Roofing with sorghum stalks

Bonaireans originally lived in a ‘kas di bara’, also known as a house with a roof of the maize plant or house of maize plant. ‘Kas di bara’ refers to the fact that branches of the mangrove tree were mainly used to build walls. These branches were woven together around the stake that was set in the earth. Then some kind of clay was used, it was placed on the wooden frame. Grass was added to the clay so that it became a firmer mass. The walls of these houses were plastered by hand to make them smooth.

In all neighborhoods there were one or more pits from which the clay was obtained. The women carried the clay on their heads and took it to the houses under construction. To prevent the large cans in which kerosene and salad oil were imported from pressing on their heads, they tied a cloth on their heads. The name of this cloth was 'rudia’(knee). Carrying those tins of clay to the construction sites often happened in the evening, especially at full moon, while the women sang work songs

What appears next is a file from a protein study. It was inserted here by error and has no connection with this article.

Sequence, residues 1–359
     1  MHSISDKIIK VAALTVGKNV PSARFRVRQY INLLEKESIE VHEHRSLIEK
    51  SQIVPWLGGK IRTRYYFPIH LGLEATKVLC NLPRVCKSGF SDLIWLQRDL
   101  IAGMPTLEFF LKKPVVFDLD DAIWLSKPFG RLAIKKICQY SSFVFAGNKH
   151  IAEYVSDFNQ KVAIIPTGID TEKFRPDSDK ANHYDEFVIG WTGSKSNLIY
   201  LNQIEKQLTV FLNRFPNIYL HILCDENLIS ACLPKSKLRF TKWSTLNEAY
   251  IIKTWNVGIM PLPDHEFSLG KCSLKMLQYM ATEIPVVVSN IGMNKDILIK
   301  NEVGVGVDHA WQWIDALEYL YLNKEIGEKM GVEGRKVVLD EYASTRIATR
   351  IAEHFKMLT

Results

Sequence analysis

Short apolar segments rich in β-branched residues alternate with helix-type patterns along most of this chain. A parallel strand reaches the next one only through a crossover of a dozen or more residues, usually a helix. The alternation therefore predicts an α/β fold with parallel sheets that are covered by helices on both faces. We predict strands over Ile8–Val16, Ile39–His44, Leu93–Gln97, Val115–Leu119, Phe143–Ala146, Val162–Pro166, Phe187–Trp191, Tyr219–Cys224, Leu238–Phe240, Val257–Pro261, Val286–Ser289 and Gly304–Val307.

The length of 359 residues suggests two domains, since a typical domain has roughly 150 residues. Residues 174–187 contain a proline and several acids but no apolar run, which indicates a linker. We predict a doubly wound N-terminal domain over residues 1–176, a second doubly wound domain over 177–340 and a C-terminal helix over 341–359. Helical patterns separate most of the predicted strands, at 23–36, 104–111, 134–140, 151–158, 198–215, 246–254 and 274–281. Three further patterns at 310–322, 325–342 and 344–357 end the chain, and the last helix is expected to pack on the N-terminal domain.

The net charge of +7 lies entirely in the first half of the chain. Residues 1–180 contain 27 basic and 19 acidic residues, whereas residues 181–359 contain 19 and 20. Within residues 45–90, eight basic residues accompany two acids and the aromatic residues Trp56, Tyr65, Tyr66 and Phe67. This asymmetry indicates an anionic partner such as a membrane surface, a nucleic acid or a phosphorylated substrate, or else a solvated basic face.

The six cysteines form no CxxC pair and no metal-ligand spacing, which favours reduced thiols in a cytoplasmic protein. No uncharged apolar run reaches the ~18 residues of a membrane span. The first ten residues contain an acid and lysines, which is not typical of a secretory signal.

The work to make a roof for the house was very specialized. After the wooden frame for the roof was laid, it was covered with corn plant. The person who did this was a coverer, a ‘kubridó’ (coverer).

As part of the house, a shelter of flambeu (thin wood that remains after cacti has withered) was sometimes also made at the front as a kind of front room. And a smaller ‘kas di bara’ was sometimes also made in the yard. This was used as a storage place.
In these houses there were no toilets or bathrooms, they were outside in the yard.

Text Boneiru di Antaño II, p.25, B. Antoin